The Truth about the Passion Movie

March 3, 2004

To me the most satisfying part of the movie has nothing to do with violence. It comes when Jesus, already badly beaten, stands before Pontius Pilate, the Roman governor of Judea. As the curious, uncertain Pilate begins to question Jesus, two agendas immediately collide. To Pilate, Jesus is a problem that must be solved, an issue to be handled, a controversy to defuse before things blow up in his face. Like any Roman, he isn’t concerned whether Jesus is the Messiah or not. Pilate comes across as a politician in a bad place, forced to decide an issue that he would do anything to avoid. But Jesus makes the matter personal. In the scene that comes straight out of the Gospel of John, Pilate asks if Jesus is the king of the Jews, expecting a simple yes or no answer. What he gets in return is another question: Are you asking this for yourself or did others talk to you about me? Mel Gibson perfectly catches Pilate’s confusion. He simply isn’t ready to meet someone like Jesus, a man who fits no convenient categories. A few seconds later comes Pilate’s famous question, “What is truth?” But the question only makes sense if you consider what Jesus has just said, “Everyone on the side of truth listens to me.” Again, that comes straight from John 18.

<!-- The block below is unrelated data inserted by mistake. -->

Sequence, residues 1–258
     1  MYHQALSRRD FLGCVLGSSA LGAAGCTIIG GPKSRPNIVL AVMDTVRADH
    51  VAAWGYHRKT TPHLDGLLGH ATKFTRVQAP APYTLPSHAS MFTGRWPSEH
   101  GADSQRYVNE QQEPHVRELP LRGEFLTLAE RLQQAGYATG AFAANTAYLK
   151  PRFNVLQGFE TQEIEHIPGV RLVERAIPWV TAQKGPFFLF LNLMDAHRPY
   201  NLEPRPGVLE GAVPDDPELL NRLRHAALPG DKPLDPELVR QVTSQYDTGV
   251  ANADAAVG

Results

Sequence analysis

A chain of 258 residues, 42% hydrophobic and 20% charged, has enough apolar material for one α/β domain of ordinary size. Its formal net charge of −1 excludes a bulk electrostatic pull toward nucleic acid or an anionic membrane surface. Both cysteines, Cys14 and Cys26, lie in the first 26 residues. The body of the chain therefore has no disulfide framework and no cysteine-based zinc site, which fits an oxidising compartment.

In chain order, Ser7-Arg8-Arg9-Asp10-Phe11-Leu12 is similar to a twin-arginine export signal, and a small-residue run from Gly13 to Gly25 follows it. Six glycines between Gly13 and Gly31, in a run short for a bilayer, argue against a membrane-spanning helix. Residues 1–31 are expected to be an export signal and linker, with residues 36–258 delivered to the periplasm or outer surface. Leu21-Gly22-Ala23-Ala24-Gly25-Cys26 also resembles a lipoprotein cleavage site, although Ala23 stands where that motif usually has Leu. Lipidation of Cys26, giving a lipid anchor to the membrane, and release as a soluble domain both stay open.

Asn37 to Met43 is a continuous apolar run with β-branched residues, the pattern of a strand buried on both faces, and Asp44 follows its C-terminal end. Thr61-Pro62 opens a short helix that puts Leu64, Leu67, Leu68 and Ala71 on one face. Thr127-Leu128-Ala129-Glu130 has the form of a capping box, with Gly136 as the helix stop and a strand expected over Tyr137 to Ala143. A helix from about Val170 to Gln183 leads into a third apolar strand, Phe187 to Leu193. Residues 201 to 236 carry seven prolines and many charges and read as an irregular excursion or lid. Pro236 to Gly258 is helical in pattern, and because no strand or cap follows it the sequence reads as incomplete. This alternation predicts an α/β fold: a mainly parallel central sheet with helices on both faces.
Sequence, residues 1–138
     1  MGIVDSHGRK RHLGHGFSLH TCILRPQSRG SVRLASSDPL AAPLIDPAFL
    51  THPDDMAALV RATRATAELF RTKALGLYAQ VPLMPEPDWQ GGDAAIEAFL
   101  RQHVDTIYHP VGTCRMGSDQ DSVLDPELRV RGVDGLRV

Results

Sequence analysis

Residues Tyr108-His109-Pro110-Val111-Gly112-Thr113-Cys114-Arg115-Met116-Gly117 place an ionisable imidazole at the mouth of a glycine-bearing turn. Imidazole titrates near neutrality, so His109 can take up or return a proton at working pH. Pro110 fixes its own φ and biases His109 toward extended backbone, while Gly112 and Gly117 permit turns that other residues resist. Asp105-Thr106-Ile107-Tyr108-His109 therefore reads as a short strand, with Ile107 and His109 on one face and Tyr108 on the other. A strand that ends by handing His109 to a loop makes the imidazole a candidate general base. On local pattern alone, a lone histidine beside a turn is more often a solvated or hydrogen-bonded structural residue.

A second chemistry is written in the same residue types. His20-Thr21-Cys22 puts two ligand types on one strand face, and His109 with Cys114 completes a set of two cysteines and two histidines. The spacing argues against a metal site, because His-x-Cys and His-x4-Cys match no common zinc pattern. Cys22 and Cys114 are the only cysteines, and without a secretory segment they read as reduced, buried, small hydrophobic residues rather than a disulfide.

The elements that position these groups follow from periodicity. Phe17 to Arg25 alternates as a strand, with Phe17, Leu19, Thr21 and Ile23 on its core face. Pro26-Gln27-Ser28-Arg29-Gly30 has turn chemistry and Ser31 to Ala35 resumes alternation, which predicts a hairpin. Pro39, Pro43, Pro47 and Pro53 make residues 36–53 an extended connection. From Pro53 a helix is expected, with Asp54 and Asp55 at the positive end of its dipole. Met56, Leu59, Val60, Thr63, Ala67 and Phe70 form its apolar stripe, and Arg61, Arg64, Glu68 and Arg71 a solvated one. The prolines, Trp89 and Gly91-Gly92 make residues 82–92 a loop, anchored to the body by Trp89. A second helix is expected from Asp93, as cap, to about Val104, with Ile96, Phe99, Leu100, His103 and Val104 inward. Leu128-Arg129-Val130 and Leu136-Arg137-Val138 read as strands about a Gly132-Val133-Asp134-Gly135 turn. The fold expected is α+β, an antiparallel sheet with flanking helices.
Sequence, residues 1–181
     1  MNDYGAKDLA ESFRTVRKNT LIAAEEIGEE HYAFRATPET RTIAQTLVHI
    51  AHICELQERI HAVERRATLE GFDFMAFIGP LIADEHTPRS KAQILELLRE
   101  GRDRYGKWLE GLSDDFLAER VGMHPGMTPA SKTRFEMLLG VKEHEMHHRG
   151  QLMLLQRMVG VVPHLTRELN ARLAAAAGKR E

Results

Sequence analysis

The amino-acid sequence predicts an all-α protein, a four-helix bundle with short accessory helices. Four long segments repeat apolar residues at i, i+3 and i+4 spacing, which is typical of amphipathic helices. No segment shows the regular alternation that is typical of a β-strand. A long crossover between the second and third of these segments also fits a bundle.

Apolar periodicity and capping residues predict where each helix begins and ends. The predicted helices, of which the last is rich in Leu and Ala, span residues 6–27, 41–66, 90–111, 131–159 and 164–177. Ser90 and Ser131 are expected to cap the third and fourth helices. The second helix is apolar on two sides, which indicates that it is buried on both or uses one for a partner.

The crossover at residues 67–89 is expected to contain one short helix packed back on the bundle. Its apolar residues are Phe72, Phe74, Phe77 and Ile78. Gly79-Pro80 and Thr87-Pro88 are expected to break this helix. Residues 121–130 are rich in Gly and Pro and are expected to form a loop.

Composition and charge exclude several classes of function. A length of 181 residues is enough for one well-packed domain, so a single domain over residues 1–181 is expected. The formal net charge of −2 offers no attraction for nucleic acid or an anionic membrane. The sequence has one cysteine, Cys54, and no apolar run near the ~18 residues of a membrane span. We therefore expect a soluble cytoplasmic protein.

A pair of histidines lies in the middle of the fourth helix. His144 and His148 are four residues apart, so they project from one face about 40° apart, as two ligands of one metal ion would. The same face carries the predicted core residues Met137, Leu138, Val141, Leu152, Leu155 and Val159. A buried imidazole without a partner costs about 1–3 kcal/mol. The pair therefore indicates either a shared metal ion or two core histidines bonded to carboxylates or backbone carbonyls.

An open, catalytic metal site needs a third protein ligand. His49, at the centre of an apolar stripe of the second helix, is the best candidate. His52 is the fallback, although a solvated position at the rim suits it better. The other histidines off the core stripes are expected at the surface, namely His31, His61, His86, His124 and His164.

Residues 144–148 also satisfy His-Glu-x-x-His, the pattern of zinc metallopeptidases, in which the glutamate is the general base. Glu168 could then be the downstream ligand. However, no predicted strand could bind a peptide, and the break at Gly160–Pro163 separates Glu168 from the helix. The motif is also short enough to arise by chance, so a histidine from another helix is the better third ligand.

Then comes the brutal scourging scene, part of the violence that fills this movie. Viewers will be divided over the violence because we all bring our own preconceptions about how much is too much. A pastor friend who saw a pre-release screening said he turned his face away at one point. In talking with young people, they don’t seem bothered by the sight of Jesus being beaten beyond the point any human would seem to endure. Perhaps they’ve seen it all before.